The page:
The result, though, is that I can't help sounding rather insistent, forceful, perhaps even desperate. Those tones are just the natural by-product of saying something fast and loudly, so as to get the dealer's attention. Since adopting this change of tone, I have frequently gotten surprised or even alarmed looks from dealers. They occasionally glare at me and say something like, "OK, calm down."

I know of no way to get the perfect modulation of voice that would be sufficiently loud, clear, and rapid to be sure to attract the dealer's timely attention without resulting in an impression that I am somehow excited or desperate about the matter. I rather doubt that it's possible to achieve the middle ground that avoids missing information opportunities but also never results in a raised eyebrow and a scowl from a dealer who doesn't understand my dilemma.

Yes, dealer, I know you don't like to be yelled at. But if I don't come close to yelling, you and your peers have a nasty habit of ignoring me. You and your ilk have driven me to being insistent.

The best solution just occurred to me the other day.

I have stated here several times before that I believe that the "Show one, show all" rule does not just convey a right to the other players, but confers on the player exposing his cards an affirmative ethical duty: If you show one person, you need to show everybody, rather than making somebody else ask and relying on the dealer to show. But few players do this consistently, unfortunately. I think this concept needs to be functionally incorporated into the rule.

If I ran a poker room, I would implement this rule: If the dealer sees a player sharing his hole cards with another player, then the dealer is required to do two things. First, expose those cards for the table, without waiting for anyone to request it. Second, tell the player in question that if he is going to show one person, he has to show everybody. That is, make it clear that the dealer taking this action is a backup plan, a remedial action for a player who failed to live up to his responsibility. Teach players that the "flash and muck" is unacceptable and will be treated as a violation of the house rules. You can get a warning the first time or two, because people need a chance to be told the rule and overcome their bad habits, but after that, failure to comply will be deemed deliberate, and escalating sanctions may come into play, as for all other recurrent violations of the rules of the game.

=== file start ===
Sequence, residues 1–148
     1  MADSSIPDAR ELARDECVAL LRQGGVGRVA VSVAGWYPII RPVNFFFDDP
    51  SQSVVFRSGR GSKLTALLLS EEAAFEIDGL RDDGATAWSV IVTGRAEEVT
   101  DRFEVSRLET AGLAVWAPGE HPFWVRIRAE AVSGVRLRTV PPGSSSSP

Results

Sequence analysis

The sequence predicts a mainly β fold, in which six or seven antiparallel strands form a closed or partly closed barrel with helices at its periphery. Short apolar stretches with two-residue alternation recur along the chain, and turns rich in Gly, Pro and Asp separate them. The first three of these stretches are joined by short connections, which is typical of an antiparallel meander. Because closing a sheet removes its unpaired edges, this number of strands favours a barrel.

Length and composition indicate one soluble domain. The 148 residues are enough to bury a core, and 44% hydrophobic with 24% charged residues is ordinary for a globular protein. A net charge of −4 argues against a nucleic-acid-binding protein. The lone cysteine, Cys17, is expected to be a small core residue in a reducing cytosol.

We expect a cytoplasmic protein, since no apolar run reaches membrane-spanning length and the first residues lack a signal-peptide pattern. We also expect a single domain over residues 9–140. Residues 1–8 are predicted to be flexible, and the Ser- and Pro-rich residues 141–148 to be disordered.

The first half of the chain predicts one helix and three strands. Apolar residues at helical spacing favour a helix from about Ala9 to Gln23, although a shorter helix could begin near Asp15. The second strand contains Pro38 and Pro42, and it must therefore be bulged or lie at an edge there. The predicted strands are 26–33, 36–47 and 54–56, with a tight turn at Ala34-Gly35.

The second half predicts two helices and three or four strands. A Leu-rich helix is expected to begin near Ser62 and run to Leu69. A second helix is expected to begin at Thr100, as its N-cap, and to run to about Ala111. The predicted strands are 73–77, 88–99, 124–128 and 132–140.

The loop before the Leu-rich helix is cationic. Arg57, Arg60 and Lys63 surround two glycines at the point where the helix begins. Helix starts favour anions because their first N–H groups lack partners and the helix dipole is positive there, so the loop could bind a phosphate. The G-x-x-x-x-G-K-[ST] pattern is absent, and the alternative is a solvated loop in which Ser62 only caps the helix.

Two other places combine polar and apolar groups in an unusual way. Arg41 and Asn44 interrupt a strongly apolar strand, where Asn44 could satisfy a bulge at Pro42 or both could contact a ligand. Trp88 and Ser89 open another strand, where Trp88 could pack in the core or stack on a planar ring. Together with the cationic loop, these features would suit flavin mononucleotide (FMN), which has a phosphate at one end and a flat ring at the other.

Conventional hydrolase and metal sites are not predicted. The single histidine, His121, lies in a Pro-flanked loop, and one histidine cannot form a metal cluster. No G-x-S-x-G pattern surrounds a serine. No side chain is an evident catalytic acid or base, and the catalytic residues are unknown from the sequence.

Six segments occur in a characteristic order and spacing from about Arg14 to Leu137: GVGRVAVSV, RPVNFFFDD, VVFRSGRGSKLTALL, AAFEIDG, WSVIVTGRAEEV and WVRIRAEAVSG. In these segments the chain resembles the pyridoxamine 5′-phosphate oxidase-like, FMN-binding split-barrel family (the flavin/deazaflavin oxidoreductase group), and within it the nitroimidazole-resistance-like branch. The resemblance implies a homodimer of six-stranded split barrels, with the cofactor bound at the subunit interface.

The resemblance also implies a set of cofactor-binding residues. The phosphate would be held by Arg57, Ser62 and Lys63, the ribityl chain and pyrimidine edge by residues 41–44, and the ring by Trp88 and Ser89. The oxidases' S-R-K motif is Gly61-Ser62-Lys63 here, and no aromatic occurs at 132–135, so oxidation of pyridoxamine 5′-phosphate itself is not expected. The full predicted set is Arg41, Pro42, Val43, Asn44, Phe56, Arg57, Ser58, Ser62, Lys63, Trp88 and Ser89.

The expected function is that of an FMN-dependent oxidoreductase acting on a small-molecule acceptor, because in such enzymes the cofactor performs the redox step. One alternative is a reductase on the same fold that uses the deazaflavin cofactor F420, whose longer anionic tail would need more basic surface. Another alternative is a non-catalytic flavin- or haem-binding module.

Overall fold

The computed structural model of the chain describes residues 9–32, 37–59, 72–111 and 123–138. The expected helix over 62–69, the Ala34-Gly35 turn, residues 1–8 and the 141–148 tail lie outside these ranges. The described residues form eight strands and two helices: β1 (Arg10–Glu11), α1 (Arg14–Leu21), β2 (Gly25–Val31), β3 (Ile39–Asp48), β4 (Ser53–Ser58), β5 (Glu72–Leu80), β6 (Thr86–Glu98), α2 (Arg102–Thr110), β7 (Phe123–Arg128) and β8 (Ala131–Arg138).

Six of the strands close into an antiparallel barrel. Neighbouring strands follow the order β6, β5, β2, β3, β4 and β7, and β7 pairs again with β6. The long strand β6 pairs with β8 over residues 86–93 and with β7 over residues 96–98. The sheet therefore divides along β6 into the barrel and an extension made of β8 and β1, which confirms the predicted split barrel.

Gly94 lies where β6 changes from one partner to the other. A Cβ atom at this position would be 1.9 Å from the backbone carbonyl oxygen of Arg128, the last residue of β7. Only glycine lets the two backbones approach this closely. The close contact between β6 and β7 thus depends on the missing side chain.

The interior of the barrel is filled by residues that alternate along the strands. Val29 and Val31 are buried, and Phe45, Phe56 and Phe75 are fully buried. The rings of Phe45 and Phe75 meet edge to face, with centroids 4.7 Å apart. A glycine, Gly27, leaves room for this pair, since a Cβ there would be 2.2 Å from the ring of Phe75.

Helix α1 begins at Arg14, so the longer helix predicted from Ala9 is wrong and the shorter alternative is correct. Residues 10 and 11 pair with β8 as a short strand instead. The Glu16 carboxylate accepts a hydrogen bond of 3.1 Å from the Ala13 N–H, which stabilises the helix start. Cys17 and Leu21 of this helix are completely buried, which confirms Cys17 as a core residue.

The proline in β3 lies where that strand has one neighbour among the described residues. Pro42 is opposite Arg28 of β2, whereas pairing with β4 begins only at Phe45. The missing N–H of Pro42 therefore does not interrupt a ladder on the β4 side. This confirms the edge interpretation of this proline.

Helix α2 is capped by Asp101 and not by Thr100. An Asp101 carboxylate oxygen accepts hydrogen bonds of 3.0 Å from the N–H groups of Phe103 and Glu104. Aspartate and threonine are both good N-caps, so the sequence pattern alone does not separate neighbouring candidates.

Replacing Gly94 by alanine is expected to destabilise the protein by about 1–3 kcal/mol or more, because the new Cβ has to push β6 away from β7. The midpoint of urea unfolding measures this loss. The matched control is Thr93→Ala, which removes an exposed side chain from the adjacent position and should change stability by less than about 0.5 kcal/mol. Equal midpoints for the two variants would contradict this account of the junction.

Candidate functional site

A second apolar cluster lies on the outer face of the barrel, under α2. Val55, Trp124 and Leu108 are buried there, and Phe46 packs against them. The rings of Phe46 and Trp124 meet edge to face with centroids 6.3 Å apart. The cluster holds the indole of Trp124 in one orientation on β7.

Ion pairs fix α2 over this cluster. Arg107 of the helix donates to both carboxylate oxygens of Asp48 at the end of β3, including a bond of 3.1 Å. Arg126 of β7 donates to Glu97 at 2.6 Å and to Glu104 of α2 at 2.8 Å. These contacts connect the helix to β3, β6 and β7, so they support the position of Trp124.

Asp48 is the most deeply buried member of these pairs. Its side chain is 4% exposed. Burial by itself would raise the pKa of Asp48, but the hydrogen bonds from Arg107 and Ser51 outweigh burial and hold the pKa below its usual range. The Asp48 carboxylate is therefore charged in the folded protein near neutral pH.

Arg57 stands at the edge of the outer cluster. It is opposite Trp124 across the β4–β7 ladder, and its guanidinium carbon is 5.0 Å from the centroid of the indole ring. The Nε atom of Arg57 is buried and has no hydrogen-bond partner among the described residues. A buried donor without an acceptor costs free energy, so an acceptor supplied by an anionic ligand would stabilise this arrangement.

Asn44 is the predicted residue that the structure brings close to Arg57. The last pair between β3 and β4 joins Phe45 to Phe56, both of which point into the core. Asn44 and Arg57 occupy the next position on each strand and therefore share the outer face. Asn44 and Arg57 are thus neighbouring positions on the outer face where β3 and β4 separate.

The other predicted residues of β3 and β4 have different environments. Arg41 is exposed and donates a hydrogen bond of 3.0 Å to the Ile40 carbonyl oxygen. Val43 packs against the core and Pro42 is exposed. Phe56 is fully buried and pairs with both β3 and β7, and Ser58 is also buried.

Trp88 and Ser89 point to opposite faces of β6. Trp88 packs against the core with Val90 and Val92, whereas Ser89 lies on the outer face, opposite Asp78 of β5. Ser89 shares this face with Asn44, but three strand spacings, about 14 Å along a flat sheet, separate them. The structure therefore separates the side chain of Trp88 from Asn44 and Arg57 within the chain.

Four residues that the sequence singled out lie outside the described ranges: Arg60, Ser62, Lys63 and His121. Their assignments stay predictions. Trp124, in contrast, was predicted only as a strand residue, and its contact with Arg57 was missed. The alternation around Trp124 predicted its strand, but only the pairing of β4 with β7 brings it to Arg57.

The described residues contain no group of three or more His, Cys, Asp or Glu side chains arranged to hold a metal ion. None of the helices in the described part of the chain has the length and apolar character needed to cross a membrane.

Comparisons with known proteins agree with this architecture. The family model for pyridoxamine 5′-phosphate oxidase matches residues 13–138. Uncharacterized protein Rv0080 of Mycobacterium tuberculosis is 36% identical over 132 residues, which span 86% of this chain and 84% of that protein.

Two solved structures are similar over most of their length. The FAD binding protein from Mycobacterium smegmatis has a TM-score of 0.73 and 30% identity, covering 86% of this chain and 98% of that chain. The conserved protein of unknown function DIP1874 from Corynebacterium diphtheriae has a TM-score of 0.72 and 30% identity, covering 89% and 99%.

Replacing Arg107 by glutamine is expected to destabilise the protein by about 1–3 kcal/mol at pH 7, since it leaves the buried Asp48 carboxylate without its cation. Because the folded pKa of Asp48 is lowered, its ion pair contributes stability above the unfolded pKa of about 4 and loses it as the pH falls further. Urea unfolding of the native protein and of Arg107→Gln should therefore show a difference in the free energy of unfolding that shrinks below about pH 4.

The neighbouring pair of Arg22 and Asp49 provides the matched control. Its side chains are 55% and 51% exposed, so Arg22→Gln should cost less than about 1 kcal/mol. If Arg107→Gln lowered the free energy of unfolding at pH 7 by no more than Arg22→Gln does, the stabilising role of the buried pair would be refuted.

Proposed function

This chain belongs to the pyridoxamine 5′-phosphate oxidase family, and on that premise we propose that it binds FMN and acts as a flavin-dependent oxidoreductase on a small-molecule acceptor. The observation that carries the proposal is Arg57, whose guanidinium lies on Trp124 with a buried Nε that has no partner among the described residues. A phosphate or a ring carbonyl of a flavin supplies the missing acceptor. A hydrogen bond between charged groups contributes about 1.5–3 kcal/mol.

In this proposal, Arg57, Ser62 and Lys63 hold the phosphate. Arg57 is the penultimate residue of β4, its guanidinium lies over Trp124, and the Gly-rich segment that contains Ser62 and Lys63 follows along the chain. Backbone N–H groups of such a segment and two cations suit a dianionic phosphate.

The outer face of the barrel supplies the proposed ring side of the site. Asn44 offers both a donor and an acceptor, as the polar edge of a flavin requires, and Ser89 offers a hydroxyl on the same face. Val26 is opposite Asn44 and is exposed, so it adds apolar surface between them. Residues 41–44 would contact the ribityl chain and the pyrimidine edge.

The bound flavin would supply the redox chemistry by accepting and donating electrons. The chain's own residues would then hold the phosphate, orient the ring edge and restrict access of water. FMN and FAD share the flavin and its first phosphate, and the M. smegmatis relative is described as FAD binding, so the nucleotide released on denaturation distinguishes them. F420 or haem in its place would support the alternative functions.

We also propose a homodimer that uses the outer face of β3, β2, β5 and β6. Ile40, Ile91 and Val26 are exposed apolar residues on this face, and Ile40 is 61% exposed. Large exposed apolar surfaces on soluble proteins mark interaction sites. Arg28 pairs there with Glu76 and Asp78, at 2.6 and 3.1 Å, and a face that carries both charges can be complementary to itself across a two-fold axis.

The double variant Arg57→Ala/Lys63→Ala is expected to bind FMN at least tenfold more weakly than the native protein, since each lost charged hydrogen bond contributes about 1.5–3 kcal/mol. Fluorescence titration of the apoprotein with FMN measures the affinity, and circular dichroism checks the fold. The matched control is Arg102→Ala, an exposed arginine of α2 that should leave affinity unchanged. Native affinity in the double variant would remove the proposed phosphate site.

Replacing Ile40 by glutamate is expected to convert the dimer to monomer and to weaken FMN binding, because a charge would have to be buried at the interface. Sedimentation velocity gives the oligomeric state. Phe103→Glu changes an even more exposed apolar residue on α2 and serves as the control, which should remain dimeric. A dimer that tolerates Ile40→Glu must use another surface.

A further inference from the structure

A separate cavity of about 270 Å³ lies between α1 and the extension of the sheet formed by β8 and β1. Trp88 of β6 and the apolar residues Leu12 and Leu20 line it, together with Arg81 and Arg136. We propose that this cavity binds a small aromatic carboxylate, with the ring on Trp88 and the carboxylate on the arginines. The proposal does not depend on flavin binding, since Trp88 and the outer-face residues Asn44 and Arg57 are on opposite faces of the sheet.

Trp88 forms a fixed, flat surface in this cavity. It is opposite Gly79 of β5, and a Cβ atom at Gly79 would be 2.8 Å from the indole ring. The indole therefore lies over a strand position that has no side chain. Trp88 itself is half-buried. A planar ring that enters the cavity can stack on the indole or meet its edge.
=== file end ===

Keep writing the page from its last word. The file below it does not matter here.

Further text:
This rule is most important when a hand has gone to either showdown or a late-stage bet without a call. It is less important when the hand being shown is folded pre-flop, and the flash to a buddy is just a "Look what trash they're giving me" gesture. Still, in an effort to prevent future problems and instill the meaning of the rule, I would have dealers in that situation politely explain that the rule also pertains to that case, and ask the player not to continue showing his cards. If it persists, then the next time the dealer will need to keep those cards separate from the muck and show them after the action has concluded--and keep doing this as often as it occurs, until the player learns not to do it.

Of course, the dealer sometimes doesn't see the post-hand flash, because it tends to occur right when he or she is busiest with pushing the pot, moving the button, clearing the board, dropping the rake, etc. There's no perfect solution, as far as I can tell. In those instances, we'll just have to revert to what is now the standard method of having a player actively make the request.

But if dealers consistently did as I describe, and if this procedure were standardized throughout all poker rooms, I think that we would gradually see a change in player behavior toward what I think should be the norm: a player who wants to show his cards does so by tabling them face up, not by flashing them semi-secretively to one selected opponent.

Great Falls National Park

I'm home. Poker playing and blogging will resume soon.

In the meantime, let me show you a bit of Great Falls National Park, where Cardgrrl took me Monday. It's a beautiful place. Unfortunately, my photographs don't do it justice. None is even good enough to feature here as an especially good one or a favorite, as I have been doing with my vacation photos in recent months. But you can see what the place looks like in the photos here.

Maybe the most impressive thing I saw--though it looks completely pedestrian in the picture--is the marker showing the flood levels over the last hundred years. It's impressive because that marker stands at least 50 yards laterally away from the current river, and at least 50 feet above it. It's truly hard to imagine the volume of water it would take to overflow that gorge and spill out into the park. And when it does, there is no other natural barrier to contain it for a few hundred yards out--that is, in order for the water to be that high, it's also going to be amazingly wide. I wouldn't want to be there during such a flood.

In the park you can also see remnants of the lock system built by a company that George Washington founded, in an attempt to get shipping around the falls. Pretty impressive engineering for 200+ years ago.

I took a short video of the main part of the falls, embedded below: